As a topic of interest, seating has occupied researchers for centuries. Hundreds of books, research studies, journal articles and symposia have focused on some aspect of humans as they sit and the objects on which they sit. Why so much attention? In part, because there is a Zen-like duality to sitting and seating—simplicity and complexity; moving and staying; comfort and discomfort (see sidebar). Also, effective sitting and seating relate directly to the activities in which a person engages.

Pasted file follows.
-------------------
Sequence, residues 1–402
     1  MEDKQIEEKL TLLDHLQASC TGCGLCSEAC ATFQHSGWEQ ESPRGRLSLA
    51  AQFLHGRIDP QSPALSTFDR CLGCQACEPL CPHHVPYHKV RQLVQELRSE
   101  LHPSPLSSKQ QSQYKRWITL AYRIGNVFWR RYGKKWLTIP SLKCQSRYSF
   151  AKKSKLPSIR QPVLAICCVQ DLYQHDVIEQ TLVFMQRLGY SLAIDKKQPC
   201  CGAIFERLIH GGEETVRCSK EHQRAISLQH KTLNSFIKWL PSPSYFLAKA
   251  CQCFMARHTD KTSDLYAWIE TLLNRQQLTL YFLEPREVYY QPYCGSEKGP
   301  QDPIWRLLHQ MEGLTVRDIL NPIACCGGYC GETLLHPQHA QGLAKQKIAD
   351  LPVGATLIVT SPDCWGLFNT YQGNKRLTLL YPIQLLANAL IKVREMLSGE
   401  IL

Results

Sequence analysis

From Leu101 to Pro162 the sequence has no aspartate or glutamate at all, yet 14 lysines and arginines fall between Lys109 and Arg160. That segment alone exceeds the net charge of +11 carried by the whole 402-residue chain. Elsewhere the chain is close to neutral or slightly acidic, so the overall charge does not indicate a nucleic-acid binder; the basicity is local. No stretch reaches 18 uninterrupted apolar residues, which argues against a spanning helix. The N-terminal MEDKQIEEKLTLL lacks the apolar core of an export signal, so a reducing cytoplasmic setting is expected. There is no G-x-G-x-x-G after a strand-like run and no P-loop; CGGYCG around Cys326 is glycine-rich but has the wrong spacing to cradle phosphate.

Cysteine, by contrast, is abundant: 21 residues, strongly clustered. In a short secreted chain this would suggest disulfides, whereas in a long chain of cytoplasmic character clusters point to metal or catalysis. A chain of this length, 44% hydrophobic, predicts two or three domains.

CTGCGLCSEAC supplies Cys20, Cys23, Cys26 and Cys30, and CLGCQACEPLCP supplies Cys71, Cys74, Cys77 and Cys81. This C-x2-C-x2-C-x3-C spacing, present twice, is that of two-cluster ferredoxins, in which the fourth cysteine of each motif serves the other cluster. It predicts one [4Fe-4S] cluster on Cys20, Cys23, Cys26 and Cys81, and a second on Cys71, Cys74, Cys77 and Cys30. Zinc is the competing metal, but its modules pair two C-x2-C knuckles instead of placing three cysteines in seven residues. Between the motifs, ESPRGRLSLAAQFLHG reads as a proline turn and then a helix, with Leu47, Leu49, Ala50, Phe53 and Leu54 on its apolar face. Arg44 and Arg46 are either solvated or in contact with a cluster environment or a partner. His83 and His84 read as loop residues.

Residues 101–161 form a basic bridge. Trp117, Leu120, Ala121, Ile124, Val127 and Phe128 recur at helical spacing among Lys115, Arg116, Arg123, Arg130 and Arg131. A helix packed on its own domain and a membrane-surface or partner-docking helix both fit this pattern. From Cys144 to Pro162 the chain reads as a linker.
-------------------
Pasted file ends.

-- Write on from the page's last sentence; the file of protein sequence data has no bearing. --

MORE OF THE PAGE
Today, one can find a wide array of chairs reflecting the current understanding of ergonomic experts and designers as how to best support traditional office tasks.
But office work is changing. Traditional jobs involving only one primary, forward oriented task are giving way to new approaches to work and a wide variety of task postures and positions.
This white paper addresses five related issues: